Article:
Reuters blog archive

from Breakingviews:

CITIC’s $41 bln mega-merger needs fancy footwork

By Una Galani

The author is a Reuters Breakingviews columnist. The opinions expressed are her own.

CITIC’s $41 billion mega-merger will need some fancy footwork. The Chinese state-owned conglomerate wants to reverse most of its assets, which include stakes in banks, brokerages and resources, into Hong-Kong listed subsidiary CITIC Pacific. There’s something in it for both sides, but the deal will require creativity to ensure it looks good financially for both the Chinese state, and CITIC Pacific’s minority shareholders.

The plan is that CITIC Pacific will acquire its parent’s main operating arm for cash and new shares, issued at a premium to the previous closing share price. If it were funded entirely by stock, CITIC Pacific would emerge with 15 percent of the combined group based on its 12 percent relative share just before the deal, according to a Breakingviews calculation, suggesting a modest premium. The shares rose as much as 30 percent on March 27.

Strategically, there’s something in it for both sides. CITIC Group will get the prestige of a long-coveted public listing. It also gives the government an option to reduce its shareholding further down the line. Shareholders in industrial-focused CITIC Pacific will get massive exposure to China’s fragile financial sector that they didn’t have before, but it will also more closely align the interests of the listed company with its parent.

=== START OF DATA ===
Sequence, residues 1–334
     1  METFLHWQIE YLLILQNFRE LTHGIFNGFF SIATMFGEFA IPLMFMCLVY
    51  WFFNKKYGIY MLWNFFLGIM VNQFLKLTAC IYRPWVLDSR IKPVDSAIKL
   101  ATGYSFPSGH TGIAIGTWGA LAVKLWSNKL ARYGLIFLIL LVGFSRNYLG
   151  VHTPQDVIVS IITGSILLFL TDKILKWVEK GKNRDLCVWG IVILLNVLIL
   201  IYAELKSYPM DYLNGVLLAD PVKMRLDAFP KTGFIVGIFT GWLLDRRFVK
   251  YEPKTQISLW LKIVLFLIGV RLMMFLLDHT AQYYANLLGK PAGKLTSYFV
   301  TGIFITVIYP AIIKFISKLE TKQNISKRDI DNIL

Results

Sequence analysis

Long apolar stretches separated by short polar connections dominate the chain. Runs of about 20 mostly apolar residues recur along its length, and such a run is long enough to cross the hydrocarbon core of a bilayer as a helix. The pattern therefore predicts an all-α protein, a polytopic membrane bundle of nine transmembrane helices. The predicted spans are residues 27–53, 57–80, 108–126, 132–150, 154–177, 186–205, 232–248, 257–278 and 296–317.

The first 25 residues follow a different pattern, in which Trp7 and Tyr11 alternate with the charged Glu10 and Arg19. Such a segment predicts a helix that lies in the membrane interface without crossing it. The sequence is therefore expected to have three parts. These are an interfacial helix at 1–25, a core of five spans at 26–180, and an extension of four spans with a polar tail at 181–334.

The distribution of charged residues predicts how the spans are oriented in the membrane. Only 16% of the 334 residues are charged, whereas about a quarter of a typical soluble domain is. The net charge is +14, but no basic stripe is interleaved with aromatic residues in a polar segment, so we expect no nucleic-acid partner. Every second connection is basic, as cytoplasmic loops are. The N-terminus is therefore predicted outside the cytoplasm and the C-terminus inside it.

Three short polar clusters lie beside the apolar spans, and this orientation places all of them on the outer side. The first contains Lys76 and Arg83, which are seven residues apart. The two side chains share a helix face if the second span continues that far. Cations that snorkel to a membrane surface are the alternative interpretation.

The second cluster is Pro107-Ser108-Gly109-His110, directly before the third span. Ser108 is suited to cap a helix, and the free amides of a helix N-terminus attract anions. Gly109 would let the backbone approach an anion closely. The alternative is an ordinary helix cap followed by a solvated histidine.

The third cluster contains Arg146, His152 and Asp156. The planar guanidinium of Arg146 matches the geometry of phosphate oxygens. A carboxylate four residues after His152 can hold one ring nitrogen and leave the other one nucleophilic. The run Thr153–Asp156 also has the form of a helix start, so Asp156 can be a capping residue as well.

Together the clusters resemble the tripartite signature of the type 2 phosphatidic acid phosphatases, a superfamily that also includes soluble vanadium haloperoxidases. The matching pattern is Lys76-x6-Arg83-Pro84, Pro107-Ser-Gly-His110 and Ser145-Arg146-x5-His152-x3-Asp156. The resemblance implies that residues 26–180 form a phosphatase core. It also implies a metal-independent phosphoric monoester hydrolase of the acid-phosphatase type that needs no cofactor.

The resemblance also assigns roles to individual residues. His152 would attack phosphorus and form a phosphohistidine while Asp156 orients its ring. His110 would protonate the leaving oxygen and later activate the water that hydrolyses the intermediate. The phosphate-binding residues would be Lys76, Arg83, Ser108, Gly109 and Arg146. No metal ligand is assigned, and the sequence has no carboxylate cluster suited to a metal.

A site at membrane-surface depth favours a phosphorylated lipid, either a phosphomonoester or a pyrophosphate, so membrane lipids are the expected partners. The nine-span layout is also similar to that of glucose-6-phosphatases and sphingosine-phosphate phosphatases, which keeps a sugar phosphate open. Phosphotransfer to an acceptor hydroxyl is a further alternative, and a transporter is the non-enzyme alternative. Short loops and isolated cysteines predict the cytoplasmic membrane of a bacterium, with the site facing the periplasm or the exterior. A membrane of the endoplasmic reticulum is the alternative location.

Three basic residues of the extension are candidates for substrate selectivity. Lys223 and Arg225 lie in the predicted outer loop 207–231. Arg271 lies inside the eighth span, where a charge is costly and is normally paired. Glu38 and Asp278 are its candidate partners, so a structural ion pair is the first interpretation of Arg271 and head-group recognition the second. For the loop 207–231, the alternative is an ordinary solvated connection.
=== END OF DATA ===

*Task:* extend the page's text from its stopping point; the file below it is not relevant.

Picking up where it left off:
from The Great Debate:

Putin’s new ‘values pact’

Now that Russia President Vladimir Putin has swallowed Crimea, the question becomes: What if the peninsula doesn’t satisfy his appetite for new Russian territory? What if the only thing that will satiate his hunger for power is the goulash known as eastern Ukraine? Or does he then move on to Moldova, and then on and on?

Indeed, while the world watched the protests in Kiev and the Sochi Olympics last month, the Moldovan territory of Gagauzia quietly held a referendum about whether or not to join Russia if the rest of the country opts for stronger ties to the European Union. Its citizens, just like those in Crimea, have argued that they would be economically better off on Putin’s planet, rather than as meager satellites in the Western solar system.

from MacroScope:

IMF verdict on Ukraine due

G7 leaders didn’t move the dial far last night, telling Russia it faced more damaging sanctions if it took any further action to destabilize Ukraine.